Ancient Accepted Scottish Rite

I'm a member of the Ancient Accepted Scottish Rite, Valley of Hartford, in Newington, Connecticut.

The Ancient Accepted Scottish Rite is an appendant body of Freemasonry. Any Master Mason in good standing may join the Scottish Rite to learn more about and further explore the principles of Freemasonry.

Spes Mea in Deo Est

The main goal of the Ancient Accepted Scottish Rite, for all its members, is simple: to be made better than ourselves. It also seeks to strengthen and enrich the community.

In the United States, the Scottish Rite is officially recognized by Grand Lodges as an extension of the degrees of Freemasonry. The Scottish Rite builds upon the ethical and philosophical teaching of the craft lodge, or Blue lodge, through dramatic presentation of the individual degrees.

Supreme Council

The Scottish Rite is governed in each country by a Supreme Council. In the United States, there are two Supreme Councils. The Supreme Council, Northern Masonic Jurisdiction (NMJ) is located in Lexington, Massachusetts, and governs the states of Maine, New Hampshire, Vermont, Massachusetts, Connecticut, Rhode Island, New York, Pennsylvania, New Jersey, Delaware, Wisconsin, Michigan, Indiana, Illinois and Ohio.

The Supreme Council, Southern Masonic Jurisdiction (SMJ) is located in Washington, D. C. and governs all other states in the Union.

In the Northern Masonic Jurisdiction, the organization at the individual state level is referred to as a "Council of Deliberation", and the local bodies are called "Valleys". In the Southern Masonic Jurisdiction, while the local bodies are still called Valleys, the state organizations are called "Orients".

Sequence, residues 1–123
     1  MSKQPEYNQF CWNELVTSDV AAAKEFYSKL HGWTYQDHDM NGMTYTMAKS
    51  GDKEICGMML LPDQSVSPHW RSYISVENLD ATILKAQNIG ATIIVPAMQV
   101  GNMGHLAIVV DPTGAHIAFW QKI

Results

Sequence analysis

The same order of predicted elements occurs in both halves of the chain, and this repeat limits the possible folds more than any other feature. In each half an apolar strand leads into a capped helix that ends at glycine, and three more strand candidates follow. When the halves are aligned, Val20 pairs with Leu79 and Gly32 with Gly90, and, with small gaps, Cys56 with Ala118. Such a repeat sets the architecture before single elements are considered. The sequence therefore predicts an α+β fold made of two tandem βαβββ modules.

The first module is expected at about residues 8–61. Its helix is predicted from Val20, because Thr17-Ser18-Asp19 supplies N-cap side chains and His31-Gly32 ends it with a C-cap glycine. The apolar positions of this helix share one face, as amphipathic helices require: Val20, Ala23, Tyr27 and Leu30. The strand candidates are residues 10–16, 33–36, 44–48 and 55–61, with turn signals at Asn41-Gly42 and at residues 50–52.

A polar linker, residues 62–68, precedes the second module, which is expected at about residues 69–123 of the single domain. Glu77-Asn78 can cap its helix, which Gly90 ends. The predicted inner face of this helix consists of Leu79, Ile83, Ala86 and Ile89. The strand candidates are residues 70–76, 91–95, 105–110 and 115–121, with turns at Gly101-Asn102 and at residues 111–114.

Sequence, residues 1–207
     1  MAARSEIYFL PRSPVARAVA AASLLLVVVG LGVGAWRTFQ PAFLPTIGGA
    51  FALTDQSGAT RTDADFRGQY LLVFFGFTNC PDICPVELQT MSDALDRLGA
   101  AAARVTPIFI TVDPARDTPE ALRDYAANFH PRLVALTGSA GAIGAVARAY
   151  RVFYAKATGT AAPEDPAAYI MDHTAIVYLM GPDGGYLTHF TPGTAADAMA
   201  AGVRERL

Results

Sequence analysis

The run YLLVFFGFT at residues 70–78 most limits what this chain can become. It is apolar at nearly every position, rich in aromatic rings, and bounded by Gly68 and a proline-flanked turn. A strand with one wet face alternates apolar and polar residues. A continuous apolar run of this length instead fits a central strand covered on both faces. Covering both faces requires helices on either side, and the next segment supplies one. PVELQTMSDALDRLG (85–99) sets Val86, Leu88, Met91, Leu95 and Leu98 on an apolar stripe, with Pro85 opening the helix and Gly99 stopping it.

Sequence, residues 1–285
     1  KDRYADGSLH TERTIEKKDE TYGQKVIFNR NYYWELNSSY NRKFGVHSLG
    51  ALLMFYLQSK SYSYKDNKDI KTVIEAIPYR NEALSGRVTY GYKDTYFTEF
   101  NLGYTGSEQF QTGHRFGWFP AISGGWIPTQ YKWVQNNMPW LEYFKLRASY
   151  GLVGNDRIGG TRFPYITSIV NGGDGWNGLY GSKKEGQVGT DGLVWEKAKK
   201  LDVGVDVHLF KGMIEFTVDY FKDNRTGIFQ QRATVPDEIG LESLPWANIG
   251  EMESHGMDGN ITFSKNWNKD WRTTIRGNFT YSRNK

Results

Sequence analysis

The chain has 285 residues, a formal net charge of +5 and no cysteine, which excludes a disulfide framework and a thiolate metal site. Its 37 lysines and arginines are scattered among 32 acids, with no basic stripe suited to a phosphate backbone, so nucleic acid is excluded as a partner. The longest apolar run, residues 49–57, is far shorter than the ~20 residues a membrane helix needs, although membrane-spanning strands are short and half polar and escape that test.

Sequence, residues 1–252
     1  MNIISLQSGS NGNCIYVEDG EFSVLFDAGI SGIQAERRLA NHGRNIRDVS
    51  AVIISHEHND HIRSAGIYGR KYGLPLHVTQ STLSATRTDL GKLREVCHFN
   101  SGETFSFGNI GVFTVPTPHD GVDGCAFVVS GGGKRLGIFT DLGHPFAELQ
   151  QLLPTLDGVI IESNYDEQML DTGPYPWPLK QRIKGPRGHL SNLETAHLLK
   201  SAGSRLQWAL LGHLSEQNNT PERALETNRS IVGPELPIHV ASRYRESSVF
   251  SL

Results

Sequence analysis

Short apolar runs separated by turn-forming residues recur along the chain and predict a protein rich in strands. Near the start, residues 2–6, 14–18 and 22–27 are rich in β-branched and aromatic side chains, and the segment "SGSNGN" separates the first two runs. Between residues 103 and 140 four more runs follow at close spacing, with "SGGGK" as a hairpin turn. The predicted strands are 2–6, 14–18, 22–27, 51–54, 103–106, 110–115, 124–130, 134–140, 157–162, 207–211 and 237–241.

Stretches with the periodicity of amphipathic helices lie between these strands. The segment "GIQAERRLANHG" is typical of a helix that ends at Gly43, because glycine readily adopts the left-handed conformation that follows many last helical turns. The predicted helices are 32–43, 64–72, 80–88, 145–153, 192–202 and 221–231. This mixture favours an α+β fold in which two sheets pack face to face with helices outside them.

In Connecticut, more information about the Connecticut Council of Deliberation maybe be found at the Council's website.

See the History page for further information on Scottish Rite history in the United States.

Charitable Endeavors

The Scottish Rite is involved in four main charitable efforts. These are in keeping with their goal of enriching the community.

The Scottish Rite Schizophrenia Research Program presents up to 15 fellowships for shizophrenia research to postgraduate students preparing dissertations in fields related to discovering a cure for the disease. More information can be found in the Philanthropy section of the Supreme Council website (

The 32nd Degree Learning Centers for Children with Dyslexia provide tutoring for children with dyslexia. Additionally, they train highly skilled and dedicated tutors. More information can be found in the Philanthropy section of the Supreme Council website (

The Leon Abbott Scholarships provide academic financial assistance to children and grandchildren of Scottish Rite Masons. More information can be found in the Philanthropy section of the Supreme Council website (

The National Heritage Museum, located in Lexington, MA next to the Supreme Council headquaters provide exhibits dedicated to our American heritage, interspersed with the role of our fraternity in American life. It is open seven days a week, to the public, at no admission charge. More information can be found in the Philanthropy section of the Supreme Council website (

Valley Organization

Each Valley has up to four subordinate bodies that confer the degrees of Scottish Rite Freemasonry. In the Northren Masonic Jurisdiction, candidates do not take all the degrees in sequence. Instead, they are required to receive the 4th and 14th, 15th or 165th, 18th, and 31st and 32nd degrees. A Valley must portray all the degrees over a six year period, so brethren are encouraged to attend portrayals often, in order to eventually see all the degrees.

The Lodge of Perfection confers the 4th through the 14th degrees.

The Council of Princes of Jerusalem confers the 15th and 16th degrees.

The Chapter of Rose Croix confers the 17th and 18th degrees.

The Consistory confers the 19th through the 32nd degrees.

More information on each body can be found by clicking the appropriate link in the navigation panel.